1 Kings 19:11
And he said, Go forth, and stand upon the mount before the LORD. And, behold, the LORD passed by, and a great and strong wind rent the mountains, and brake in pieces the rocks before the LORD; but the LORD was not in the wind: and after the wind an earthquake; but the LORD was not in the earthquake:
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(11) And, behold.—In the LXX., the whole of this verse, couched in the future, is made part of the “word of the Lord.” But our version is probably correct.

The whole of the vision, which is left to speak for itself, without any explanation or even allusion in the subsequent message to Elijah, is best understood by comparison with two former manifestations at Horeb, to the people and to Moses (Exodus 19:16-18; Exodus 34:5-8). To the people the Lord had then, been manifested in the signs of visible power, the whirlwind, the earthquake, and the fire—first, because these were the natural clothing of the terrors of the Law, which is the will of God visibly enforced; next, because for such visible manifestations of God, and perhaps for these alone, the hearts of Israel were then prepared. To Moses, in answer to his craving for the impossible vision of the glory of the Lord face to face, the manifestation granted was not of the Divine majesty, but of the “Name of the Lord,” “the Lord God, merciful and gracious, longsuffering and abundant in goodness and truth;” for this higher conception of the majesty of God, as shown in righteousness and mercy, Moses, as being the greatest of prophets, could well understand. The vision of Elijah stands out in contrast with the one and in harmony with the other. It disclaims the visible manifestation in power and vengeance, for which he had by implication craved; it implies in “the still small voice”—“the voice (as the LXX. has it) of a light breath”—a manifestation like that expressed plainly to Moses, of the higher power of the Spirit, penetrating to the inmost soul, which the terrors of external power cannot reach. The lesson is simply, “Not by might, nor by power, but by my Spirit saith the Lord of hosts” (Zechariah 4:6). The prophet so far reads it that he acknowledges, by veiled face of reverence, the presence of the Lord in “the still small voice,” yet, with singular truth to nature, he is recorded as repeating, perhaps mechanically, his old complaint.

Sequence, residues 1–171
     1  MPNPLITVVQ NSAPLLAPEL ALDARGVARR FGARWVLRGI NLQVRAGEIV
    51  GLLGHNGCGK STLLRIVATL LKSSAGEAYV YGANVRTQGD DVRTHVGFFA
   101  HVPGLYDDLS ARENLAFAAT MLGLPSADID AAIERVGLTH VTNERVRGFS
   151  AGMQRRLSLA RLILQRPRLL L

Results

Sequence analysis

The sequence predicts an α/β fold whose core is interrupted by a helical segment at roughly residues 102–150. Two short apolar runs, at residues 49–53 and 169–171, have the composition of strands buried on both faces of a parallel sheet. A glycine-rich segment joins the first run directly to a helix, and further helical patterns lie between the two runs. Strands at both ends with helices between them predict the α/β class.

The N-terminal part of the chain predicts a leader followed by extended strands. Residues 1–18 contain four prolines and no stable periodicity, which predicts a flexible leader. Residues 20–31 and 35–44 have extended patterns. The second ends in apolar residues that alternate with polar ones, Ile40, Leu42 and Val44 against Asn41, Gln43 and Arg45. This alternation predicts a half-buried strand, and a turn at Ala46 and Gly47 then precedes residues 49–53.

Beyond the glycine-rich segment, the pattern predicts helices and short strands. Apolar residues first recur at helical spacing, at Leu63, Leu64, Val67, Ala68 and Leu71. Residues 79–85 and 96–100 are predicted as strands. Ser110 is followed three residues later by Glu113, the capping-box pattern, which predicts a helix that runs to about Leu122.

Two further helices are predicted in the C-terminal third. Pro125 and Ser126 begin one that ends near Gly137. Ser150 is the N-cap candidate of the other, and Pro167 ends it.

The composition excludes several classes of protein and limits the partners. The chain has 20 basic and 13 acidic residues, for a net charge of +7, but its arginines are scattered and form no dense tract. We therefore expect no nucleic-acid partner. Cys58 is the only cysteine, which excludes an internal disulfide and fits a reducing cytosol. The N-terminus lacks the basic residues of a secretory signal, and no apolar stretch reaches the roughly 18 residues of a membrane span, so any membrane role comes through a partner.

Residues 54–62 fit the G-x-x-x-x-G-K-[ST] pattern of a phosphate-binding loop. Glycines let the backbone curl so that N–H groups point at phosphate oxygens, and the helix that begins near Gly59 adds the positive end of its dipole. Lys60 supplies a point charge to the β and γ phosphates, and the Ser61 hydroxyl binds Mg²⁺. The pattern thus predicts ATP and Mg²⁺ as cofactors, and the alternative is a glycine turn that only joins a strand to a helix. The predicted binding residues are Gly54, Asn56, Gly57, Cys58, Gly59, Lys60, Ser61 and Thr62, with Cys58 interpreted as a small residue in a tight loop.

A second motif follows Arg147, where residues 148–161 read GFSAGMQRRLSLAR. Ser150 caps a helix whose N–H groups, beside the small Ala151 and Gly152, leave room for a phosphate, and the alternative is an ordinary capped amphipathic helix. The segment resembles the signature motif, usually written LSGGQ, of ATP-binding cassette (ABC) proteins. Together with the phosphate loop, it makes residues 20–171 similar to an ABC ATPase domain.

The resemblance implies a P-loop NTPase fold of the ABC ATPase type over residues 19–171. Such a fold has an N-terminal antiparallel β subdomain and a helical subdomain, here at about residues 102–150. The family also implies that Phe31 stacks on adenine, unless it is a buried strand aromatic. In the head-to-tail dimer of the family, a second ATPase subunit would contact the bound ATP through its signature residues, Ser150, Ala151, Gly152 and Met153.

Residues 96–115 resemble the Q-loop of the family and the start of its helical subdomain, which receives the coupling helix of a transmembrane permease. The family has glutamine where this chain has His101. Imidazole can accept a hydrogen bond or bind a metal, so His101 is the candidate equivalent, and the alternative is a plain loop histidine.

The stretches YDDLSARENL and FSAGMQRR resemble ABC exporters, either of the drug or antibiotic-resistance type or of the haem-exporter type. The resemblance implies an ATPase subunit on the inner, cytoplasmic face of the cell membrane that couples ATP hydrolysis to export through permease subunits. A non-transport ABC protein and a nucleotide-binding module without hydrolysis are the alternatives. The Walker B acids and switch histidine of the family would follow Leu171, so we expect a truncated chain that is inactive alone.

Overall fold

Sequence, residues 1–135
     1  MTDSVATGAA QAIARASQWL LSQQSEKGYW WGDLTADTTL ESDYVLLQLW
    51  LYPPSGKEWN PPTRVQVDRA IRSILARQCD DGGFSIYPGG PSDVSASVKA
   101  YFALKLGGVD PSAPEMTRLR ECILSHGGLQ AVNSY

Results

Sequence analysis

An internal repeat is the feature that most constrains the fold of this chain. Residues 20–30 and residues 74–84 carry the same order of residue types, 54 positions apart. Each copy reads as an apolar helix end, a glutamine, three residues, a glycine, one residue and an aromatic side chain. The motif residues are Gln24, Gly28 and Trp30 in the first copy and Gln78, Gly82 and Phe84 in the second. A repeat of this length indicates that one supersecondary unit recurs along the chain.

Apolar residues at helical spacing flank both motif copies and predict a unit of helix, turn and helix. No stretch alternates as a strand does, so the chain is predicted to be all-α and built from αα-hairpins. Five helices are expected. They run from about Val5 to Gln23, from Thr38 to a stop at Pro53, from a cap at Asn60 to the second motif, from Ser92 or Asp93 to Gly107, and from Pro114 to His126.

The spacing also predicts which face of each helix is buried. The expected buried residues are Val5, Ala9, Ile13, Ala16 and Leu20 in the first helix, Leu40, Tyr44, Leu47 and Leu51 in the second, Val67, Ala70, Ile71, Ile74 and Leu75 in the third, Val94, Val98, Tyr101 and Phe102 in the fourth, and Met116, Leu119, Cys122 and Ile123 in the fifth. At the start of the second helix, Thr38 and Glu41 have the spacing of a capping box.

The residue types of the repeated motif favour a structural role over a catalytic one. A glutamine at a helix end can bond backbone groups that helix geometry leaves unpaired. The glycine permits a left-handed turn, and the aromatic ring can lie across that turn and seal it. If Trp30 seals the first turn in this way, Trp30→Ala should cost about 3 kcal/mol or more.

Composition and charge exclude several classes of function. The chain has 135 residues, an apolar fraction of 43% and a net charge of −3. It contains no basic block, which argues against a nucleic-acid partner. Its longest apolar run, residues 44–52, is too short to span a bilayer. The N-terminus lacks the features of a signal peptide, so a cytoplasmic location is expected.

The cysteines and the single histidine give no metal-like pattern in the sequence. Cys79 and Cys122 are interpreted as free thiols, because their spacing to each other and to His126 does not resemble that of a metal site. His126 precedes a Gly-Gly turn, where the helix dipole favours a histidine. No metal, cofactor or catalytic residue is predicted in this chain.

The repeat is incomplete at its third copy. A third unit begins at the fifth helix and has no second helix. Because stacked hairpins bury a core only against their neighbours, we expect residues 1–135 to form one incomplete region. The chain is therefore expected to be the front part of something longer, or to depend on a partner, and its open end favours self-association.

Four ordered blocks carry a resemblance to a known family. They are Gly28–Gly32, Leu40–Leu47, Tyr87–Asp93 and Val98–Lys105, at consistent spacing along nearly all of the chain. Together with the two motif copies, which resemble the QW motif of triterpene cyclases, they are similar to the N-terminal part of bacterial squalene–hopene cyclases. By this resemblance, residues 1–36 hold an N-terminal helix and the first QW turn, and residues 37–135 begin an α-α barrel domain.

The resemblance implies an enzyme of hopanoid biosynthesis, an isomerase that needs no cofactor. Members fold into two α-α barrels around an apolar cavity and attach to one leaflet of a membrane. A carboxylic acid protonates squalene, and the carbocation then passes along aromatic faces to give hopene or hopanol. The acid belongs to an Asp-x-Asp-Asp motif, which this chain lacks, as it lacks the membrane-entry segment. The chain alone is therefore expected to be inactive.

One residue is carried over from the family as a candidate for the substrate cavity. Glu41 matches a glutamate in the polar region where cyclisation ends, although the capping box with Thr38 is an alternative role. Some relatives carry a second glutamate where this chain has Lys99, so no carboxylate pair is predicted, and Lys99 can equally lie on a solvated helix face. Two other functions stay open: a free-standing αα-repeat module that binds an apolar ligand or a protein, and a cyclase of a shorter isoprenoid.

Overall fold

1 Kings 19:11. Go forth, and stand upon the mount before the Lord — Elijah came hither to meet with God, and God graciously condescended to give him the meeting. And the manner of his manifesting himself seems evidently to refer to the discoveries God formerly made of himself at this place to Moses. Then there was a tempest, an earthquake, and fire, (Hebrews 12:18,) but when God would show Moses his glory, he proclaimed his name before him, The Lord God, merciful and gracious, &c. So here: Elijah heard a strong wind, and saw the terrible effects of it; for it rent the mountains, and tore the rocks: he felt the shock of an earthquake, and saw an eruption of fire. These effects, no doubt, were all produced by the ministration of angels, the harbingers of the divine Majesty, and were to usher in the intended manifestation of Jehovah’s glory. By these Elijah was prepared to receive this discovery of God with the greatest humility, reverence, and godly fear: and by these God signified his almighty and irresistible power, to break the hardest hearts of the Israelites, and to bear down all opposition that was or should be made against his prophet in the discharge of his office. The Lord was not in the wind, &c. — The Lord did not vouchsafe his special and gracious presence to Elijah in that wind, earthquake, or fire, which possibly was to teach him not to wonder, if God did not accompany his terrible administration at mount Carmel with the presence of his grace, to turn the hearts of the Israelites to himself, as he desired; but which, for wise reasons, God saw fit to deny. Hereby also it was intimated, that “miraculous judgments, and terrifying displays of the Lord’s power and indignation, though proper for the destruction or intimidation of his enemies, or to excite attention, were only preparatives for that real good intended for Israel;” which must be effected by the convincing and persuasive instructions of his word, accompanied by the influences of his Spirit.